Please join us in congratulating our undergraduate 2020-21 Senior Thesis writers for all of their hard work and efforts in the Senior Thesis Program! These students did an outstanding job and will receive the Oscar Lee Award for Senior Thesis Writers for their achievements.
Bio: Maggie Moran is a member of Barnard College’s Class of 2021, majoring in East Asian Cultures with a concentration in Film & Media Studies. She has just completed her senior thesis, ““Soft on the Outside, Strong on the Inside”: An Analysis of Women’s Language in North Korean State Discourse,” with the guidance of her advisor, Professor Ted Hughes. Her other academic interests include sociolinguistics, translation, and contemporary political history. She hopes to synthesize these interests into an advanced degree and eventual career in academia or bilingual education, and for now will be working at the Japan Center for International Exchange just a few blocks from campus.
Among its post-revolutionary neighbors, the USSR and China, North Korea has done a comparatively good job of elevating the economic and official standing of women, at least on the surface. In state documents, women are afforded equal rights as men, and practices like paid maternity leave show an effort to promote the status of women in the workforce. However, prescriptive language documents reveal the uneven reality of gender relations in North Korean ideology. While there is considerable documentation of linguistic divergence between the languages of North and South Korea, limited research exists on the relationship between politics and language prescription in North Korea, and almost none focused on gender. This analysis will reveal that prescriptive language documents can be seen as a reflection and extension of broader themes in gender relations in North Korea: simultaneously championing women as leaders of revolution in need of liberation from domestic burdens, while also assigning them extra labor in the form of prescribed speech behaviors.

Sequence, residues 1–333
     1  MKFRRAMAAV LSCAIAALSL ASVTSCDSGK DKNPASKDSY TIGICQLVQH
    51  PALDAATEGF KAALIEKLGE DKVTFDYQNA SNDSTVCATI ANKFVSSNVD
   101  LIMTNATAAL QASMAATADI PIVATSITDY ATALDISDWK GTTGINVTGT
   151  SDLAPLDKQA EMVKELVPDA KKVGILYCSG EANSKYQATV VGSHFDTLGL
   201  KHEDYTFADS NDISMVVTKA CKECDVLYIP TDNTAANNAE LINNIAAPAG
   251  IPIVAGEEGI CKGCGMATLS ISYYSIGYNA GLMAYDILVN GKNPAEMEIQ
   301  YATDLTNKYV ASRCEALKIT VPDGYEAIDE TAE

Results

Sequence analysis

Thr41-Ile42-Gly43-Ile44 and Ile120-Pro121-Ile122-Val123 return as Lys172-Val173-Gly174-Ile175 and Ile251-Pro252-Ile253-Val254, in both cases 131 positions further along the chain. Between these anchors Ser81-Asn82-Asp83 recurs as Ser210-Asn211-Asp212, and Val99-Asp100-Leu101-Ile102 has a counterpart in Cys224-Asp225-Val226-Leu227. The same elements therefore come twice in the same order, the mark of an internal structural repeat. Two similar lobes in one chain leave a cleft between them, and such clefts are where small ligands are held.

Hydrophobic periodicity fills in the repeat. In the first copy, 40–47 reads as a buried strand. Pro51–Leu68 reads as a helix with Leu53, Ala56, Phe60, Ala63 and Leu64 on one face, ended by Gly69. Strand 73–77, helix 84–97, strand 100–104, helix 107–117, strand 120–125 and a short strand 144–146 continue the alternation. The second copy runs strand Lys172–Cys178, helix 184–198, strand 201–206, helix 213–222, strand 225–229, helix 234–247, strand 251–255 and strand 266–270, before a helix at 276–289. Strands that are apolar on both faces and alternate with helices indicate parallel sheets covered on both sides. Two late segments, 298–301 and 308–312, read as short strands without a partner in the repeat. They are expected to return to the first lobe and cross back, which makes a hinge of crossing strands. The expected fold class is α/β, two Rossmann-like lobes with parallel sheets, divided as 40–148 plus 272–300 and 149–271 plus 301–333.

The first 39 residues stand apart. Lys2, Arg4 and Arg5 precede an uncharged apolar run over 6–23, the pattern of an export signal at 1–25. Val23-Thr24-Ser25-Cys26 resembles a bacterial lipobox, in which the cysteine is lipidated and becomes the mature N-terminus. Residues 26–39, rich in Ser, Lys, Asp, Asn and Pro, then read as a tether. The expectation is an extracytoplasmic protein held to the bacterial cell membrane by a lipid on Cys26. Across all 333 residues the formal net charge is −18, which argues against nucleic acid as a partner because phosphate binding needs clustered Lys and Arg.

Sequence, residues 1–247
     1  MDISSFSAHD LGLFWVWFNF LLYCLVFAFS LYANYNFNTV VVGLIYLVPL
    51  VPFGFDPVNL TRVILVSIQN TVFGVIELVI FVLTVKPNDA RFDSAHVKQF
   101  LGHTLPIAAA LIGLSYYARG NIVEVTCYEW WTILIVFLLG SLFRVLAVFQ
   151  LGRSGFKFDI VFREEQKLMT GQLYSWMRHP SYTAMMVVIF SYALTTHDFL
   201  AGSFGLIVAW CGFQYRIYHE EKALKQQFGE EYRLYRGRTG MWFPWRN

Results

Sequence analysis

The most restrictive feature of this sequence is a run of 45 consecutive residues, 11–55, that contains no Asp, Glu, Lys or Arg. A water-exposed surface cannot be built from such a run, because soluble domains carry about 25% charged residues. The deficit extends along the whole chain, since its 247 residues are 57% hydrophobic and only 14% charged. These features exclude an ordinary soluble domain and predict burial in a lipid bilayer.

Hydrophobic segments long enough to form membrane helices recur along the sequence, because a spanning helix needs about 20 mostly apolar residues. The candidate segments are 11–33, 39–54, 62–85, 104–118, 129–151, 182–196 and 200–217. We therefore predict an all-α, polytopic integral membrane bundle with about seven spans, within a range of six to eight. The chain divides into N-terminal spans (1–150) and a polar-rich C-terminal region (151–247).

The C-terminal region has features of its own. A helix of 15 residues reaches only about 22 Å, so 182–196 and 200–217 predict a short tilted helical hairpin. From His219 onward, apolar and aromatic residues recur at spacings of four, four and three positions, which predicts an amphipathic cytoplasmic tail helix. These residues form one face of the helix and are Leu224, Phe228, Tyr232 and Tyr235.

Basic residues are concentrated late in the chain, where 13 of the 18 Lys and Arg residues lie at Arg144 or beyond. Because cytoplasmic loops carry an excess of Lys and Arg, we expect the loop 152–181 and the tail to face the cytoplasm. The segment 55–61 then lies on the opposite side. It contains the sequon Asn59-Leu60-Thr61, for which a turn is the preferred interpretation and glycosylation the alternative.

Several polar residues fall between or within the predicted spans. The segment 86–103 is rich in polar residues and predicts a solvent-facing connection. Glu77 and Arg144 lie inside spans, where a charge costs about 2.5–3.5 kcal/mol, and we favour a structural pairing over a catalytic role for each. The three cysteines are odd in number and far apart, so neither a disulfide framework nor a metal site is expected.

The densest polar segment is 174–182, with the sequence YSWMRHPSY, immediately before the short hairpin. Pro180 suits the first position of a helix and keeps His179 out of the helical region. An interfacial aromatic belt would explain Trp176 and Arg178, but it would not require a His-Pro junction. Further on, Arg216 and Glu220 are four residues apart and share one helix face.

Starting with Kim Il-Sung’s 1964 and 1966 talks with linguists, the state has exalted North Korea’s standardized language, called munhwaŏ (literally “cultured language”), as an important and primordial expression of the Korean concept of Juche, or “self-reliance,” in contrast with the Southern variety of p’yojunŏ (literally “standard language”), reviled for being infected by foreign influence. State publications on language and linguistics provide a body of discourse through which we can see the production and reproduction of social attitudes. One of the most critical ways language policy was disseminated to the public was through the official North Korean language planning journal Munhwaŏ Haksŭp (Cultured Language Learning), which includes articles on topics like proper speech, pronunciation, and language education. Many articles in this journal show a disproportionate emphasis on women’s speech as uniquely suited to expressing North Korean values, such as outward strength and inner beauty. Through analysis of state-produced documents related to language planning, primarily Munhwaŏ Haksŭp, this paper argues that the linguistic prescriptions placed on women reflect the location of a unique national spirit in women that men do not embody.